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Edmund T. Gordon, Chair 210 W. 24th Street , Mailcode E3400, Austin, TX 78712 • 512-471-4362

Juliet Hooker

Associate Professor Ph.D., Cornell University

Associate Professor of Government and of African and African Diaspora Studies
Juliet Hooker

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Biography

Juliet Hooker is Associate Professor of Government and of African and African Diaspora Studies. She is a political theorist specializing in comparative political theory and critical race theory. Her primary research interests include black political thought, Latin American political thought, political solidarity, and multiculturalism; she has also published on indigenous and Afro-descendant politics and multicultural rights in Latin America. She is the author of Race and the Politics of Solidarity (Oxford University Press, 2009), and is currently working on a book project comparing the accounts of race formulated by prominent nineteenth and twentieth-century U.S. African-American and Latin American political thinkers, tentatively entitled Hybrid Traditions. Her articles have appeared in journals such as Politics, Groups and Identities, Souls, Journal of Latin American Studies, and Latin American Research Review.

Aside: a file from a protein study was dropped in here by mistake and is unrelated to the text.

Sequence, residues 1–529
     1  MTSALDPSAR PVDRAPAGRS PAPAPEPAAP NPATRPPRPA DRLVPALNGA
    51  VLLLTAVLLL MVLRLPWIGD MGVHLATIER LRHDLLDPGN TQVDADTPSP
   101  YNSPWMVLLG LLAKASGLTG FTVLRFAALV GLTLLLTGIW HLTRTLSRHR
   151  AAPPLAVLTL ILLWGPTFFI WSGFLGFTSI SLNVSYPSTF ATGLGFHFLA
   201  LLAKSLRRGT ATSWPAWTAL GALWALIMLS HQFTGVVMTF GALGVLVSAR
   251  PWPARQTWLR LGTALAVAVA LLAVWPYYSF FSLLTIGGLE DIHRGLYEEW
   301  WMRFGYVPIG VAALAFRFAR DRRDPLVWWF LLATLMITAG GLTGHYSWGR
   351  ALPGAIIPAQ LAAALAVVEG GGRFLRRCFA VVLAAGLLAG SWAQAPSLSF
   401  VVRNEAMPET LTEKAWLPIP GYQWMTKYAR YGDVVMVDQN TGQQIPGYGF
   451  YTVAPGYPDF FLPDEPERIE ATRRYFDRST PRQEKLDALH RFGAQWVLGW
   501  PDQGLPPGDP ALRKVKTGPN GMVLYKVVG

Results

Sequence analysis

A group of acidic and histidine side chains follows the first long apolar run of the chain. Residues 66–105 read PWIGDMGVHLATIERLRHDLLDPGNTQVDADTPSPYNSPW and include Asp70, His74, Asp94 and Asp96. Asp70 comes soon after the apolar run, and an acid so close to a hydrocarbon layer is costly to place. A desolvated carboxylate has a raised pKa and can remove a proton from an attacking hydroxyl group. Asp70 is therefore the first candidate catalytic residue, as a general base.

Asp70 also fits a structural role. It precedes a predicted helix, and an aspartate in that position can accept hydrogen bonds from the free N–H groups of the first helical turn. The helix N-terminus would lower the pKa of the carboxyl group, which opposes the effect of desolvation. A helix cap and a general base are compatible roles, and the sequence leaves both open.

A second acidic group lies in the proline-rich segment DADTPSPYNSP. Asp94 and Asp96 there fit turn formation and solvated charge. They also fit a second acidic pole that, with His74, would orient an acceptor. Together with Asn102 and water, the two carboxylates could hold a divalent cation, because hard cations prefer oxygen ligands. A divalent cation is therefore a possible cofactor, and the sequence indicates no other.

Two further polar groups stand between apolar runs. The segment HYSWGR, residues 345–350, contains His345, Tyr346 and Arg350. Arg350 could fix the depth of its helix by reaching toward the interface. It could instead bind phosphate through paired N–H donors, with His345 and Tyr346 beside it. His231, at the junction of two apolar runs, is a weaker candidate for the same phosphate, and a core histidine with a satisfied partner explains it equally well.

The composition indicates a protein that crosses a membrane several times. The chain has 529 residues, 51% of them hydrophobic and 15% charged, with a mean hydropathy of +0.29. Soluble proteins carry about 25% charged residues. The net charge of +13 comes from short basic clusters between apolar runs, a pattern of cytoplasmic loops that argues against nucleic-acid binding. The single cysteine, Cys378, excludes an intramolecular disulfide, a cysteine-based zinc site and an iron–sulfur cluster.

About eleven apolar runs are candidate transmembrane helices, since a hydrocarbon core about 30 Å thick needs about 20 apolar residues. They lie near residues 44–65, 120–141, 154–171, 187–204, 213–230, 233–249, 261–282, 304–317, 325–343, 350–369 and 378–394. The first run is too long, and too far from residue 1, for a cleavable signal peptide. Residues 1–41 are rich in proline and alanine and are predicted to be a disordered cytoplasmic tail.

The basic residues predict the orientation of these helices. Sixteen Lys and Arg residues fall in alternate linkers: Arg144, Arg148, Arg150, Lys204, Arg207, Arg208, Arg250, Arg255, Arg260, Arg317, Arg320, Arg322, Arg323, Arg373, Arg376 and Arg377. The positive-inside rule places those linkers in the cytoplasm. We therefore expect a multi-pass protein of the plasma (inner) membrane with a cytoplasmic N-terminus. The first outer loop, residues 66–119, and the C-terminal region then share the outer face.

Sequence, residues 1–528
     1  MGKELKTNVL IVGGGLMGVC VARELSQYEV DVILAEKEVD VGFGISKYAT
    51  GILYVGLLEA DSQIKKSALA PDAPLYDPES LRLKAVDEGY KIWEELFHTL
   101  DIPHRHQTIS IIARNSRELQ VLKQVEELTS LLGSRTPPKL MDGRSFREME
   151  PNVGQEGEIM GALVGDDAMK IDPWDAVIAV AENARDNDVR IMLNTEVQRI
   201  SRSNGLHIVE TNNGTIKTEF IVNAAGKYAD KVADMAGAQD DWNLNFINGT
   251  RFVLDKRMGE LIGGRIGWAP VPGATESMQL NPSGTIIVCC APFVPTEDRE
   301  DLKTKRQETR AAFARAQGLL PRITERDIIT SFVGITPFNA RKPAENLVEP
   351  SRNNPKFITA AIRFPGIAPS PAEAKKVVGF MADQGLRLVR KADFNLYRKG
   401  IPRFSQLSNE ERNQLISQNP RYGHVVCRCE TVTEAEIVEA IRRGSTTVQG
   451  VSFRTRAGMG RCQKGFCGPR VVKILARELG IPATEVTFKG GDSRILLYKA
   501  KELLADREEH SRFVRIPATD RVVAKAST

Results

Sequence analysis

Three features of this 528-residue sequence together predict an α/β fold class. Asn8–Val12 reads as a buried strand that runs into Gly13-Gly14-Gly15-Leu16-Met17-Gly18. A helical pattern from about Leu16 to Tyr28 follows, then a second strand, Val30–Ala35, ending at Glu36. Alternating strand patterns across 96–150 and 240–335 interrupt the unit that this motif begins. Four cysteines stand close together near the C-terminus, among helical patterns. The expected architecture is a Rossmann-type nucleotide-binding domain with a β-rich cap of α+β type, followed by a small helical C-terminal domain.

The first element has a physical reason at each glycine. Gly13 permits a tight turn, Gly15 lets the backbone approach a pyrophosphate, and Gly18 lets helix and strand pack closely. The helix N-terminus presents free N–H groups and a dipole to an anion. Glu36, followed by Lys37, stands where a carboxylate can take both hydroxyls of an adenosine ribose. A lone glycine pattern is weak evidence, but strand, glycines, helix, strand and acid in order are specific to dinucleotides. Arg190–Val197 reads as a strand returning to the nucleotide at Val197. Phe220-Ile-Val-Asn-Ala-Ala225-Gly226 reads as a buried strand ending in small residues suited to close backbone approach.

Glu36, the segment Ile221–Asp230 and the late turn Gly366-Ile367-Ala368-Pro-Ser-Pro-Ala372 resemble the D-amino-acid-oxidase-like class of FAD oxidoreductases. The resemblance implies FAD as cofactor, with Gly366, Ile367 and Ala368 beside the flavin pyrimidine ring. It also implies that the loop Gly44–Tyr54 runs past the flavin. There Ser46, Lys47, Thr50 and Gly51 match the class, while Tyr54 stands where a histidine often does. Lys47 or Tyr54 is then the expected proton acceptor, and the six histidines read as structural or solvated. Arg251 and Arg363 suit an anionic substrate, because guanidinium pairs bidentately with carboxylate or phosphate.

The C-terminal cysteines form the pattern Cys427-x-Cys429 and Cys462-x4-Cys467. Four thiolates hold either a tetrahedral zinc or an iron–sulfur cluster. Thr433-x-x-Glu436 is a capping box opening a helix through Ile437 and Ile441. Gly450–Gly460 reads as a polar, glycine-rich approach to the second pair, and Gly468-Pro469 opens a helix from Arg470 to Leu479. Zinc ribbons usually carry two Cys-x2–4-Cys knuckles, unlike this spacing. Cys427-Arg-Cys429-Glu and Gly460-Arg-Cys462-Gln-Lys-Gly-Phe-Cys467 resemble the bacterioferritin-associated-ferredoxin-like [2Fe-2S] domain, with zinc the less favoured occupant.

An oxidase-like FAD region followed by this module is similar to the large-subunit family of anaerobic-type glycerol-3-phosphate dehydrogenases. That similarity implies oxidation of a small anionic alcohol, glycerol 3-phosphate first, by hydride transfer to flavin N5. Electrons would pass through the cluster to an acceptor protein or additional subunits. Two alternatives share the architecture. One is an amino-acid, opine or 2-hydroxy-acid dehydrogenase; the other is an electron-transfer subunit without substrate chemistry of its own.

Professor Hooker is currently serving as co-Chair of the American Political Science Association’s Presidential Task Force on Racial and Social Class Inequalities in the Americas. From 2009 to 2014 she served as Associate Director of the Teresa Lozano Long Institute of Latin American Studies (LLILAS) at UT-Austin. She received the Lucia, John, and Melissa Gilbert Award for Teaching Excellence in Women's and Gender Studies in 2008, and has held visiting fellowships at the Du Bois Institute for African American Research at Harvard University and the Kellogg Institute for International Studies at the University of Notre Dame.